The Start of Something Big
February 1, 1975: Microsoft Gets it First Customer
Bill Gates and Paul Allen sell their newly-completed Altair BASIC to MITS. At this point, Microsoft is based in Albuquerque New Mexico with their first client and this version of BASIC is the first programming language available for a personal computer.
Paul Allen and Bill Gates, childhood friends with a passion in computer programming . . .
. . . were seeking to make a successful business utilizing their shared skills. The January 1975 issue of Popular Electronics featured Micro Instrumentation and Telemetry Systems’s (MITS) Altair 8800 microcomputer.
Allen noticed that they could program a BASIC interpreter for the device; after a call from Gates claiming to have a working interpreter, MITS requested a demonstration. Since they didn’t actually have one, Allen worked on a simulator for the Altair while Gates developed the interpreter. Although they developed the interpreter on a simulator and not the actual device, the interpreter worked flawlessly when they demonstrated the interpreter to MITS in Albuquerque, New Mexico in March 1975; MITS agreed to distribute it, marketing it as Altair BASIC.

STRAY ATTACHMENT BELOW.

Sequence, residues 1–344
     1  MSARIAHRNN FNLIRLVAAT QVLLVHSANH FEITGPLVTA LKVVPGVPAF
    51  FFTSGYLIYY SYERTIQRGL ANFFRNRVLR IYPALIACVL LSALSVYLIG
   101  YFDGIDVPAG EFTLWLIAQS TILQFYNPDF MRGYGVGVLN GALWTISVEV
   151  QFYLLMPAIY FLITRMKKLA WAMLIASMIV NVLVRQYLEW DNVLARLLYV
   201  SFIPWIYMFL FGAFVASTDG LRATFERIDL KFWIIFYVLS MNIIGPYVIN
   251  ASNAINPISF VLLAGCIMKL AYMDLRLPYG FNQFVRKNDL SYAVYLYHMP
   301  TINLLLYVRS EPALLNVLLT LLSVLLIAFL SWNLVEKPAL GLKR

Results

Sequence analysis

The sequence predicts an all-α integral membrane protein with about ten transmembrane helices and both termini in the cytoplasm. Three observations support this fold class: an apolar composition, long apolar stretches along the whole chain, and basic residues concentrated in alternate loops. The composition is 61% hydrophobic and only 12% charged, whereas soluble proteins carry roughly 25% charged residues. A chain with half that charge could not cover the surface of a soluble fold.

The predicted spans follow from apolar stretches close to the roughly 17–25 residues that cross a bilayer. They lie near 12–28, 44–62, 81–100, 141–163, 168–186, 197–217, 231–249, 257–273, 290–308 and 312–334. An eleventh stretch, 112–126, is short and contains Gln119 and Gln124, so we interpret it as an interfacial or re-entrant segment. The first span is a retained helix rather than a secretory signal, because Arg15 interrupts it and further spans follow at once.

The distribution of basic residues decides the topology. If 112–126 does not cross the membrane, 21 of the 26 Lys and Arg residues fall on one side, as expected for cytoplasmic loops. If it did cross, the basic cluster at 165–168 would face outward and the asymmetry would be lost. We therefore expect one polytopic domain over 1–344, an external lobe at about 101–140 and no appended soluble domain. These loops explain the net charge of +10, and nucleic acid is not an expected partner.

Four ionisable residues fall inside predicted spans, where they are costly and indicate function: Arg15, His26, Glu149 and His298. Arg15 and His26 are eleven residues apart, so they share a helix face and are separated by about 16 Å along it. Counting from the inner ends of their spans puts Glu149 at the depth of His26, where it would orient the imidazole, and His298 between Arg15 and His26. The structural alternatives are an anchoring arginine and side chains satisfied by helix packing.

They officially established Microsoft on April 4, 1975, with Gates as the CEO. Allen came up with the original name of “Micro-Soft,” as recounted in a 1995 Fortune magazine article. In August 1977 the company formed an agreement with ASCII Magazine in Japan, resulting in its first international office, “ASCII Microsoft”. The company moved to a new home in Bellevue, Washington in January 1979.